Tormented by his past, Thorkild soon finds himself deep in treacherous waters. He’s lost his reputation – will he now lose his life?

My thanks to Raven Books for inviting me to be a part of the tour and to Heine for taking the time to answer my questions. 

Vic x

Tell us a little about yourself…
I grew up in the North of Norway, in a place called Belnes. Just five houses, with the polar night looming above, the mountains behind us and the sea in front. It’s the kind of place where, as a kid, you can run around all day, play, and not see another human being. I used to read a lot, and developed a sturdy imagination, something that resulted in me getting lost I my own thoughts whenever and wherever I was. I still get lost in my own thoughts, usually thinking about characters I have created/want to get to know better, scenes I want to write, plots, and forget that I’m with other people, people that expect me to answer back when they talk to me. (My wife especially, finds this hilarious😊) Growing up in such a small place, you kind of get to be comfortable in your own skin and being on your own. Becoming a writer was therefore the perfect match for me, also because writers are often easily forgiven for being kind of weird sometimes, so …

And what can you tell us about ‘I Will Miss You Tomorrow’?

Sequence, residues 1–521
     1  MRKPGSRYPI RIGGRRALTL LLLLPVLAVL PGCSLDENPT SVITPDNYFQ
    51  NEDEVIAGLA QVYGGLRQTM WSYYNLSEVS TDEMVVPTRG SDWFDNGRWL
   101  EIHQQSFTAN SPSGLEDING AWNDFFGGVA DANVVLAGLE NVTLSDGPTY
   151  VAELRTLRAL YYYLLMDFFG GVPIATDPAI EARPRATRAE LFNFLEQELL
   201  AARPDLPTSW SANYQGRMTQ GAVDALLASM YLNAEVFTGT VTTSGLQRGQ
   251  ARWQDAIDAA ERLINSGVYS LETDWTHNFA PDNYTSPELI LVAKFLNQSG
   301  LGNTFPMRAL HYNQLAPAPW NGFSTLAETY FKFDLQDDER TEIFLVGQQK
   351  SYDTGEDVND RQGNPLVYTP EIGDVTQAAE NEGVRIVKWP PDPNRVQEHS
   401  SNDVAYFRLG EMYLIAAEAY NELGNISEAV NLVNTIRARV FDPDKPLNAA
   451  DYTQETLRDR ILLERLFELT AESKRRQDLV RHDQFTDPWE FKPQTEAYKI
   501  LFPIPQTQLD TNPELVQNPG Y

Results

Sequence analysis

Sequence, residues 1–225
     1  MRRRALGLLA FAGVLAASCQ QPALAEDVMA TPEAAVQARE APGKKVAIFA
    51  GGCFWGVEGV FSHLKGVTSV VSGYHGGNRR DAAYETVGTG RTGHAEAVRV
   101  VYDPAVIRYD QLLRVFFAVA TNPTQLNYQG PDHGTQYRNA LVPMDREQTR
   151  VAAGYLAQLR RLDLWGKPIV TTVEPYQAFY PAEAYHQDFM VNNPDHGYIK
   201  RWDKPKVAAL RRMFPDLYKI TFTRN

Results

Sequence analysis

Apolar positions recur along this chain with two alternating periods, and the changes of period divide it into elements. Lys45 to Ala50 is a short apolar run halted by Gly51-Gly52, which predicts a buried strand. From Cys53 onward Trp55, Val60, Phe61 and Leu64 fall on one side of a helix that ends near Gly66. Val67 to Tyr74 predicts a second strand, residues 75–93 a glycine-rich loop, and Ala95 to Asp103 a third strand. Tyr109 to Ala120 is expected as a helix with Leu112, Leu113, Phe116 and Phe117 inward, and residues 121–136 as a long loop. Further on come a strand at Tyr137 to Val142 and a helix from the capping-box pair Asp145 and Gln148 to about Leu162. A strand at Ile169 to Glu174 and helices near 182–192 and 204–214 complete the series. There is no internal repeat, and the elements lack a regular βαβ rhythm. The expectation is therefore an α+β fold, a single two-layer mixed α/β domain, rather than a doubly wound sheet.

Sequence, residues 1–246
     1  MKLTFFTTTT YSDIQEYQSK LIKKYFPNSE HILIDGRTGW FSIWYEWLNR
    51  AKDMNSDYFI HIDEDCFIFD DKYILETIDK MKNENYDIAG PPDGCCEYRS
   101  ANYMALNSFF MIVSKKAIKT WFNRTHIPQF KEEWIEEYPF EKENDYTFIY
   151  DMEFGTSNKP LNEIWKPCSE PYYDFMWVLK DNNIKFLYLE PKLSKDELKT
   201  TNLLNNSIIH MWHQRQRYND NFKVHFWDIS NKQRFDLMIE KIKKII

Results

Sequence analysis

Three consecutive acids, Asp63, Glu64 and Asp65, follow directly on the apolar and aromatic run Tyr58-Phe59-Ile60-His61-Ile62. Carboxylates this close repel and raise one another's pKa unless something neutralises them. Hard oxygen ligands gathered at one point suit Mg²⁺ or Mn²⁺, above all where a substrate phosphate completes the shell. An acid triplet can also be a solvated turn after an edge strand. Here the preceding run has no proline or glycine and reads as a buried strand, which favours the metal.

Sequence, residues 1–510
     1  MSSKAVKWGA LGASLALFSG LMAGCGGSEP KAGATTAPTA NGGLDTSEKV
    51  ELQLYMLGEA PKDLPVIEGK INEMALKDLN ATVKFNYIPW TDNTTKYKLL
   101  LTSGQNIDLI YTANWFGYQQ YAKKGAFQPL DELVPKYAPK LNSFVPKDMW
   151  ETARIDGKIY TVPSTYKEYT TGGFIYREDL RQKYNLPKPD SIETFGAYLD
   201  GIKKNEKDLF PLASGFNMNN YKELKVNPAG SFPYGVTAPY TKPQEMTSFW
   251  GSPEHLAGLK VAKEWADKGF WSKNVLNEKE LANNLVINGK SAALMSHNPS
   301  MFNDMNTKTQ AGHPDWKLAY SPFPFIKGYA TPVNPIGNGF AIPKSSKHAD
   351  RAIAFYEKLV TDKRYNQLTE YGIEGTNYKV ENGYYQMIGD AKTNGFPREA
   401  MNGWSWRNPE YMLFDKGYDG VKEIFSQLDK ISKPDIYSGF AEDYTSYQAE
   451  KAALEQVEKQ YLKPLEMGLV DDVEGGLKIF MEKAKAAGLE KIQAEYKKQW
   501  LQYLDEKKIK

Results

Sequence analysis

One of the things that has always fascinated me is how men, the kind of men I grew up around, handled their problems. It’s kind of expected that you sort yourself out and get on with your day. The main characters in crime fiction always seem to have certain traits; when you first meet them, they are broken in some way or form, and I always wondered why. How did they get there, to this point? So, when I first started writing about Thorkild Aske, I knew that this was something that I wanted to explore in the series. But also, what happens with a lone investigator-type, who doesn’t even want to fix himself, who can’t put himself together and just get on with it, but who actively sabotages his own well-being. So, when we first meet Thorkild in ‘I Will Miss You Tomorrow‘ he’s just been released from prison, has lost his job as an Interrogation Officer with the Internal Affairs and is heavily abusing the pain medication his psychiatrist has given him. He is then forced to travel to the far north to investigate the disappearance of a young man who was renovating an old light house. What he then finds, is a young woman without a face in the breaking sea.